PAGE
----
Cycle of retaliation expected
- Los Angeles Times
August 2 2001
Fears Grow That Mideast Strife Has Crossed a Dangerous Line
Conflict: Israeli attack on Hamas leadership and calls for revenge are seen
as the beginning of an explosive new phase. Sharon defends action.
By MARY CURTIUS
TIMES STAFF WRITER
JERUSALEM -- Israel's slaying of two senior leaders of the Hamas Islamic
movement pushed its 10-month-old conflict with the Palestinians into a new
and explosive phase Wednesday, with both sides saying they may be unable to
pull back from the brink of wide-scale conflict.
Thousands of Palestinians shouted for revenge at the funerals of the Hamas
leaders and six others--including two children--killed in Tuesday's
helicopter gunship attack in the Palestinian-controlled West Bank city of
In Israel, security forces went on high alert, bracing for the retaliatory
attack that Hamas promised would come. Israeli Prime Minister Ariel Sharon's
government rejected international criticism of the killings, vowing to
continue its policy of hunting down militants. Throughout the day, scattered
clashes and shooting incidents were reported in the West Bank and Gaza
In Hebron, the only West Bank city where administration is divided between
Israel and the Palestinian Authority, Israeli troops and Palestinian gunmen
battled for hours and Israel lobbed tank shells into the
Palestinian-controlled areas. A Palestinian was shot dead in the fighting.
In the Gaza Strip, Palestinians fired dozens of mortar shells into Israeli
settlements, but no injuries were reported.
Nearly everyone seemed convinced that worse is to come.
Israel's attack on senior political leaders, who belonged to a movement that
rejects the notion of a negotiated settlement between Israel and the
Palestinians, united Palestinian factions in calls for revenge. If militants
succeed in carrying out a large-scale attack on Israelis, it could trigger
the Israeli government's approval of a massive retaliation against the
"It is time to stop at the edge of the precipice," Yossi Sarid, left-wing
leader of Israel's parliamentary opposition, wrote in the mass-circulation
daily Yediot Aharonot.
Unmoved by harsh criticism of the Nablus killings from the U.S. government
and others, Sharon called the operation "one of Israel's most important
successes." His government insisted that the Hamas leaders who died when
missiles slammed into their downtown offices had orchestrated 10 bombing
attacks on Israeli cities since September and were planning more.
Israeli army Chief of Staff Lt. Gen. Shaul Mofaz told reporters that "had we
known that children would be hurt, we wouldn't have attacked the target."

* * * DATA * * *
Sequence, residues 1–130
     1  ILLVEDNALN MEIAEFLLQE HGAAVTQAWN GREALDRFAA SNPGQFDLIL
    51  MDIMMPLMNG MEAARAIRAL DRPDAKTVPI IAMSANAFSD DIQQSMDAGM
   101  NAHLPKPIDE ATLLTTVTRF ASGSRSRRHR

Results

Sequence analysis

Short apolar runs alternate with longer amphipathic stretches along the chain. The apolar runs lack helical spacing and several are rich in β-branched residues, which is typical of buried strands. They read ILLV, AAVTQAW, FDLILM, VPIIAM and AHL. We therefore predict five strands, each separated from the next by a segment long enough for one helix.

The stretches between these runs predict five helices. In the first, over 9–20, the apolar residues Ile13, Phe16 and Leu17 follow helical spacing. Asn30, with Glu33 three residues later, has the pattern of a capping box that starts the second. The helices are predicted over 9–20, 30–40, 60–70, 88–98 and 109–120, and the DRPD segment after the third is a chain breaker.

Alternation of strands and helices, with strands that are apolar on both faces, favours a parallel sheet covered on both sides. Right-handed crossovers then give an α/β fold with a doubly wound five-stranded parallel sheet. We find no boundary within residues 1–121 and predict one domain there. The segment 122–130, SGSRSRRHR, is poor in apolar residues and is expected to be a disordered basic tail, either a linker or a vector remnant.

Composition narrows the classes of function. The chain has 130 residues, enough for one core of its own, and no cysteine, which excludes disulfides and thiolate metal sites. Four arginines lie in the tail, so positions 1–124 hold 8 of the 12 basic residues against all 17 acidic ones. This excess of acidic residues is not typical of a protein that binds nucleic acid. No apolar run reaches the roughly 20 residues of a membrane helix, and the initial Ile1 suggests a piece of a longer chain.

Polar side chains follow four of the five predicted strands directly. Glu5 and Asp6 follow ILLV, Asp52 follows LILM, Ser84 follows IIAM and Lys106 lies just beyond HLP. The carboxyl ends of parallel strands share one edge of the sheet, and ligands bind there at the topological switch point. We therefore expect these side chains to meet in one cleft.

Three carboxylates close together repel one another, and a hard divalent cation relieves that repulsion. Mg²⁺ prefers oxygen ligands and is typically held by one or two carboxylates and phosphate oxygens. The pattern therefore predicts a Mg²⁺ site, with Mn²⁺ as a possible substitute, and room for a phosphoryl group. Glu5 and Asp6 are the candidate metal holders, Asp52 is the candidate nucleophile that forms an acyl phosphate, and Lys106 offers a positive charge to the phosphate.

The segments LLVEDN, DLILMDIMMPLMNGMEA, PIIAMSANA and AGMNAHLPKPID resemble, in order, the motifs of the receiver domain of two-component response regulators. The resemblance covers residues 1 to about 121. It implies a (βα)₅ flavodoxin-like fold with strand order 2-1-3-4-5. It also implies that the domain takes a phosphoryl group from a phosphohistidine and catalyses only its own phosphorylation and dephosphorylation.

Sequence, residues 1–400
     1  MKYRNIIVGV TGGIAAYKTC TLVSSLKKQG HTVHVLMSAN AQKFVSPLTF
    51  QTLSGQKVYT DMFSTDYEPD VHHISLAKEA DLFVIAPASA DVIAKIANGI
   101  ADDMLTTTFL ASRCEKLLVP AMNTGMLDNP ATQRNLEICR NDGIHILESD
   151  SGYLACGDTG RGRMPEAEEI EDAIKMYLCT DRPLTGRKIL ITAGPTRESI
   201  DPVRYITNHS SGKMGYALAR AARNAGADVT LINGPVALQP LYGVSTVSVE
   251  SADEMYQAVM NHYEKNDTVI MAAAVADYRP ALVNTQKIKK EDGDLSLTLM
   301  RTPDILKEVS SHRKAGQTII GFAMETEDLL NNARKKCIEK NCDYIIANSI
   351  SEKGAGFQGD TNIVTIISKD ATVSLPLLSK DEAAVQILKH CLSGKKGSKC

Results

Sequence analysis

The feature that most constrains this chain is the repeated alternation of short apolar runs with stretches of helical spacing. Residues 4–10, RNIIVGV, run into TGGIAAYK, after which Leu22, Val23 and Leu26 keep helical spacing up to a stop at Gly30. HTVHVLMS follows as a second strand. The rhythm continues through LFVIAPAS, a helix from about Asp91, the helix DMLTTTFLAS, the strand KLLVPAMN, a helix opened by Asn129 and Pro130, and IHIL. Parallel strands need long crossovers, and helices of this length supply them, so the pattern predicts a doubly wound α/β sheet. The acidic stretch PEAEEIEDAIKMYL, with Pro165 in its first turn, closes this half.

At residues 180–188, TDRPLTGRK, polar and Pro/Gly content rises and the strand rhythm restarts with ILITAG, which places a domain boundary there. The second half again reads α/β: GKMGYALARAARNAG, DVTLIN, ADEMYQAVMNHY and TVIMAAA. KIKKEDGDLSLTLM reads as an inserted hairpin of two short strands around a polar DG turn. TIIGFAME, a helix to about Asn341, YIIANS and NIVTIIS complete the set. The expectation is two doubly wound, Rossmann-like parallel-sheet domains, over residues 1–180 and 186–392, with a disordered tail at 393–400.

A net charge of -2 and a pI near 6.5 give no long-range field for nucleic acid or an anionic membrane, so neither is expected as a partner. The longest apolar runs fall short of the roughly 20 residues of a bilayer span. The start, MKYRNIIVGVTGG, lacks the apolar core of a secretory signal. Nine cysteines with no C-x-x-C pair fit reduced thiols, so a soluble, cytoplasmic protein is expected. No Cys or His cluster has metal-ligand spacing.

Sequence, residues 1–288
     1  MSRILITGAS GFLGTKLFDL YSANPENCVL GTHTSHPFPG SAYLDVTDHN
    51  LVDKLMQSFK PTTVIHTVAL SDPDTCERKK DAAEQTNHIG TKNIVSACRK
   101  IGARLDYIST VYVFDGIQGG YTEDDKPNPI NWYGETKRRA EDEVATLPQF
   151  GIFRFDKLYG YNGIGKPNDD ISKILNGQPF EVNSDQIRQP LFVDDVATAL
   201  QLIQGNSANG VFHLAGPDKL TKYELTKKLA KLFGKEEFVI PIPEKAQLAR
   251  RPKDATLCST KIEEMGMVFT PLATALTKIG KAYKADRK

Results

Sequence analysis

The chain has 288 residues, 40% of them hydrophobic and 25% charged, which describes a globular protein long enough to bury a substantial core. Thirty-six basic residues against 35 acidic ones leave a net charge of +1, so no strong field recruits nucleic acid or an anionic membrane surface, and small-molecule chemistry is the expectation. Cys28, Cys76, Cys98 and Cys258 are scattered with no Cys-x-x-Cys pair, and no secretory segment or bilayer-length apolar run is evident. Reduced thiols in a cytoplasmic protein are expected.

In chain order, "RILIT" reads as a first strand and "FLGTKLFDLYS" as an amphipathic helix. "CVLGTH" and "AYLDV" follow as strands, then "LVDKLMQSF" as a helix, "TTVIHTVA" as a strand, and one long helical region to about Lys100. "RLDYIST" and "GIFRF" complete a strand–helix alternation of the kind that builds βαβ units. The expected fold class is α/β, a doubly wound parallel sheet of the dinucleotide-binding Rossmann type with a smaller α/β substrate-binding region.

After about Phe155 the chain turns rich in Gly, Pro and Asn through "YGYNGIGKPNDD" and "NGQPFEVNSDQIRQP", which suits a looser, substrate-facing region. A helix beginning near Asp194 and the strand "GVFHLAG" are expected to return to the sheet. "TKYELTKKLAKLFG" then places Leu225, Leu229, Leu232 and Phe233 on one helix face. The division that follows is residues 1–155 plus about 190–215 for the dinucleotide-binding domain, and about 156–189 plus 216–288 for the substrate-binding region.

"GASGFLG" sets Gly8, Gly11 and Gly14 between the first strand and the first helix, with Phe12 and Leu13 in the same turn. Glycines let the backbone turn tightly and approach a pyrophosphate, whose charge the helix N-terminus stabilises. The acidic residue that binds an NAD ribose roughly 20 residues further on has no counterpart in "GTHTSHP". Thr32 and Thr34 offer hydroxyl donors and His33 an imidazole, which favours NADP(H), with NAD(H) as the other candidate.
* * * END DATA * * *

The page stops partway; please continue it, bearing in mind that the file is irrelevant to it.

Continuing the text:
Israel, he said, does not "want to come to war, but we have the right and
the obligation to fight terrorism."
"From now on, authorization will be given to attack more targets that are
identified as the 'operational heads of the snake,' " wrote Zeev Schiff, a
military analyst for Haaretz newspaper. "A cycle of extremism has been
created: a series of Palestinian terrorist activities are answered by a
sharp retaliation, either in method or in the targets of the attack."
But Israeli critics warned that Israel has crossed a red line. By moving an
echelon above the bomb makers, the government has precluded the already
remote possibility of obtaining a cease-fire with the Palestinian Authority
and virtually ensured more Israeli casualties in the fighting, which has
claimed the lives of more than 600 Palestinians and Israelis.
"One must remember that what Hamas loses in ability, it makes up in
motivation, and the question is which is more dangerous," wrote political
analyst Hemi Shalev in the daily Maariv. "Only the terror attacks of the
future will tell whether the benefits of the assassination of the Hamas
senior figures are not outweighed by the loss of the lives of dozens more
The Palestinians, too, "will stop functioning within limits which they had
previously stayed within," warned Haaretz security analyst Reuven Pedhatzur.
"We are caught up here in a whirlpool. . . . We are taking step after step
toward a kind of whirlpool which will bring us to a war that nobody wants."
Indeed, Hamas leaders vowed that they will now target Sharon, Foreign
Minister Shimon Peres and other senior Israeli political leaders.
"Hamas now needs to demonstrate that it still has the ability to attack,"
said Ziad abu Amr, a Palestinian legislator and academic in Gaza.
The Nablus attack, Abu Amr said, makes it impossible for the Palestinian
Authority to move against Hamas, as Israel has demanded that it do. The
militant Islamic movement lost prestige and influence during the last seven
years of Israeli-Palestinian peace negotiations, but it has grown in
popularity during the uprising because of its willingness to carry out
suicide attacks against Israelis.
A senior member of the Fatah movement of Palestinian Authority President
Yasser Arafat on Wednesday endorsed attacks on Israelis. Speaking on a
Palestinian Television talk show, Samir Masharawi, a colonel in Fatah, said
the Palestinians "have to protect ourselves and to protect our cadres by
hitting the security of the others--this is the only way to stop the
A series of bus bombings unleashed on Israel by Hamas in 1996, after Israel
killed the group's bomb maker, Yehiya Ayash, was "a good lesson to the
Israelis," Masharawi said. "I insist this is a legal defense for us because
it is the only way we can do it."
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